A gray wolf: in western Canada, wolves are now threatened with a cull to protect caribou in habitat where tar sands oil extraction is taking place. Photograph: Panoramic Images/Getty Images
Wolves are routinely, baselessly and contemptuously blamed for the demise of everything from marmots to mountain caribou in western Canada. Given that attitude, we at Raincoast Conservation Foundation are appalled, though not surprised, by Canada's proposed strategy to "recover" dwindling populations of boreal forest caribou in northern Alberta's tar sands territory. Essentially, the plan favours the destruction of wolves over any consequential protection, enhancement or expansion of caribou habitat.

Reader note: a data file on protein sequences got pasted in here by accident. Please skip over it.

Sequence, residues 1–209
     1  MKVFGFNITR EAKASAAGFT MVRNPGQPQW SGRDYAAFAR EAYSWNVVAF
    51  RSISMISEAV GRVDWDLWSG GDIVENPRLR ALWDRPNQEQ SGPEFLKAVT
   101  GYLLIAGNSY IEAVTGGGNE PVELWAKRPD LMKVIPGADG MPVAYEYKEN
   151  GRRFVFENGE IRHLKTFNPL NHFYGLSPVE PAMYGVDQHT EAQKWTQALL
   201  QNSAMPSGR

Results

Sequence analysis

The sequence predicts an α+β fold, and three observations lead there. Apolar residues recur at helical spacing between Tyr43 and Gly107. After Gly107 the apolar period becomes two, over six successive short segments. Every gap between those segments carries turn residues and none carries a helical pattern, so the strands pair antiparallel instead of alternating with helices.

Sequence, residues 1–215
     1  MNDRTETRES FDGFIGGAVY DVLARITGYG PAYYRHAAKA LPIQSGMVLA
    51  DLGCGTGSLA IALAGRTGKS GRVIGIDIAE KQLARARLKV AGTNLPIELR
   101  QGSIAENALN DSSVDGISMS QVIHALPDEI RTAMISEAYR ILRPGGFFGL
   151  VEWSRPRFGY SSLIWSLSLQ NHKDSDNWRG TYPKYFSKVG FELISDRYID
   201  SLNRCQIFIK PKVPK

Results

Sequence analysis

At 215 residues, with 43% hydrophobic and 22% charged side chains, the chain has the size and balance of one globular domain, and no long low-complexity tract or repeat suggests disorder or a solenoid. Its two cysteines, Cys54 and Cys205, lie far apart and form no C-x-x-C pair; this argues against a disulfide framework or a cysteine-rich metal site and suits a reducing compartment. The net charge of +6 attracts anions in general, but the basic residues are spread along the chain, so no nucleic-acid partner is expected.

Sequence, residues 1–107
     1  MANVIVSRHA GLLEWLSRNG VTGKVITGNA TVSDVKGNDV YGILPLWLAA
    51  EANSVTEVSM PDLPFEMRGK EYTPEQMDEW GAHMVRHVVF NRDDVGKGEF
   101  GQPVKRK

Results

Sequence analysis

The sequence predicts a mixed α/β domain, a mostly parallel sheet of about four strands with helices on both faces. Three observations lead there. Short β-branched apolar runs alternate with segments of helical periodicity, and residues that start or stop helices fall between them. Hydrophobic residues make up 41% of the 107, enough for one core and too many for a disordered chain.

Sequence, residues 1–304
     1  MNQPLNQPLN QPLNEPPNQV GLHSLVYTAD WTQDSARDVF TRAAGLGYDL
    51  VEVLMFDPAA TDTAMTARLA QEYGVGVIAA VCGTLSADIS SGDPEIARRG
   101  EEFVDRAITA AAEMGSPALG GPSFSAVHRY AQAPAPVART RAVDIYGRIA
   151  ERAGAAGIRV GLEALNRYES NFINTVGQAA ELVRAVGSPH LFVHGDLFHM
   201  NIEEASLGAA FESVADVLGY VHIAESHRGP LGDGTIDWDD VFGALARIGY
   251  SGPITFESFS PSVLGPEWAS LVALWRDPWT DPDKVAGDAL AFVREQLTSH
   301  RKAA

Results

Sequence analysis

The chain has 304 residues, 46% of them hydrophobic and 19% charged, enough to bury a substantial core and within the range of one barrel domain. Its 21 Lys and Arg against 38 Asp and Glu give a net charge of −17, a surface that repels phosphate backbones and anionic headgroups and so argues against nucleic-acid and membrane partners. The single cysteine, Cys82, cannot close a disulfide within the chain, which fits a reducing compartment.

Clearly, the caribou recovery strategy is not based on ecological principles or available science. Rather, it represents an ideology on the part of advocates for industrial exploitation of our environment, which subsumes all other principles to economic growth, always at the expense of ecological integrity. Owing to the breadth of the human niche, which continues to expand via technological progress, the human economy grows at the competitive exclusion of nonhuman species in the aggregate. The real cost of Alberta's tar sands development, which includes the potential transport of oil by Northern Gateway and Keystone XL pipelines is being borne by wolves, caribou and other wild species.